Archive for May 2011

Chapter 16   Leave a comment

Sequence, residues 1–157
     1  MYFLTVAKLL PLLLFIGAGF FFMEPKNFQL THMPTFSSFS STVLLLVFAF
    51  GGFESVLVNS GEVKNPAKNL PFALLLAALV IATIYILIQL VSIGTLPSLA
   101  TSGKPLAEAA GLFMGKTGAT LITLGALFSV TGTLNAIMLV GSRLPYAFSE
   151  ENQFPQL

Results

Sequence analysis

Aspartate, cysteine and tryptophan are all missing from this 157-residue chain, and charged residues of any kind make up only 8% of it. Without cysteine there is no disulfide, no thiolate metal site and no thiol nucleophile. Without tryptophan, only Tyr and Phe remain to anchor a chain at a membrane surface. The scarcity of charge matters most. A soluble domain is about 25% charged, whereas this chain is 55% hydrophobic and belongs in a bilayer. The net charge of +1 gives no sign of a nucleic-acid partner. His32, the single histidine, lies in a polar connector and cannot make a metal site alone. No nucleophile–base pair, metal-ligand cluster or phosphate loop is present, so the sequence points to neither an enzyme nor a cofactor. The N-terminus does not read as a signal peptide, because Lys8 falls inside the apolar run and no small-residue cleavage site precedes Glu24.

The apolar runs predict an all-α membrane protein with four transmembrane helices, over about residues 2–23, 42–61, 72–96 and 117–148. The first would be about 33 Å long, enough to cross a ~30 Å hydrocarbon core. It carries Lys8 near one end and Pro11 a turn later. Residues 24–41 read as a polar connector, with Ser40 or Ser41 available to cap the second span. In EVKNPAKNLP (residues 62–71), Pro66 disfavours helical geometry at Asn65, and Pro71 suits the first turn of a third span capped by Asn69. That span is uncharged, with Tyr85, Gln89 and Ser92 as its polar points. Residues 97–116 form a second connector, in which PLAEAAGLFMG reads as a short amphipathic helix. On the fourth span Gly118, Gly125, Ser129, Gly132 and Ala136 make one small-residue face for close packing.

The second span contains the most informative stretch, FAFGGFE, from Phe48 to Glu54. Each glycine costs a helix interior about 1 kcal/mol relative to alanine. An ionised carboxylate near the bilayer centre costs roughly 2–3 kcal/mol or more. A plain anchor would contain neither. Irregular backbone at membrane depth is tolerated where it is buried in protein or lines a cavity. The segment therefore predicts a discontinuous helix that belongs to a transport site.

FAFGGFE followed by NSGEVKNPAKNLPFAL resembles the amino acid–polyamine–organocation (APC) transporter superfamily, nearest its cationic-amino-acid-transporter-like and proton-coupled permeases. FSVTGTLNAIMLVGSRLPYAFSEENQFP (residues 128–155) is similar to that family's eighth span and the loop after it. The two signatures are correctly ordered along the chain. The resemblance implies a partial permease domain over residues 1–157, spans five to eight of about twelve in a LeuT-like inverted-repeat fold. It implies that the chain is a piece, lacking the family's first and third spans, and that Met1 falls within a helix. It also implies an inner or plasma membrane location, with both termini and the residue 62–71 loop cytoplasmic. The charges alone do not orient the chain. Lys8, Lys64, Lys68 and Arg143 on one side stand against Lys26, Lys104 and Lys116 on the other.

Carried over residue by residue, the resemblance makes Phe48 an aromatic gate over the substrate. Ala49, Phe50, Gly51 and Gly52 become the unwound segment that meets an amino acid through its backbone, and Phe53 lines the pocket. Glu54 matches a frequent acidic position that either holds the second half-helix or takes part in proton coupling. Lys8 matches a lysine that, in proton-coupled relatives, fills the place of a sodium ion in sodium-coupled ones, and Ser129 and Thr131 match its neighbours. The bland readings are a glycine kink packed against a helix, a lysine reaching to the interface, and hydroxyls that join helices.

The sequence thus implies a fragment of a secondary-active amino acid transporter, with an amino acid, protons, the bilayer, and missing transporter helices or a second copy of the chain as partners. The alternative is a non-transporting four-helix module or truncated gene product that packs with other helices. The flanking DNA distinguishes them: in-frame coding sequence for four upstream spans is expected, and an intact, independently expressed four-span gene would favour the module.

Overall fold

Chapter 16 begins just as many of Seitel’s start, with an interesting and well thought out introduction to the content of the chapter.  This chapter was all about the differences of writing for the ear and the eye.  By beginning his chapter with a careful historical analysis of how specifically tailored writing can help to promote a healthy career or company, Seitel clearly informs his reader of his vast knowledge on the subject.  I found a special interest on the section that discussed writing for the eye.  I think that the Media Kit was a very interesting subject.  Rarely do people think about all of the research and the effort that is put into the publications that companies, political candidates, or local businesses produce.  I believe that one of the most underrated forms of Media Kits by far is the biography pages.  Seitel points out the ignorance of most by listing the many forms of biographies and how an informal biography can attract a more casual audience than how a formal address can conduct a more professional response.  Personally, I can relate to this thought process, just think to anybody that has created a Facebook or Myspace profile- any kind of online personality page actually.  When using an online profile as a representation of self, much thought and care needs to be involved in the construction of the biography.  While many people don’t put much thought into creating an online identity, it comes naturally.  Just think of what Facebook uses for their profile page- they encourage you to put as much (or as little) information into your profile that you want to use.  There are sections for religion, political views, personal views, hobbies, favorite books and musicians, and everything else under the sun.  With such an intricate online identity, the millions of people that use Facebook on a daily basis gain a more in depth knowledge of the importance of writing for the eye without even realizing it.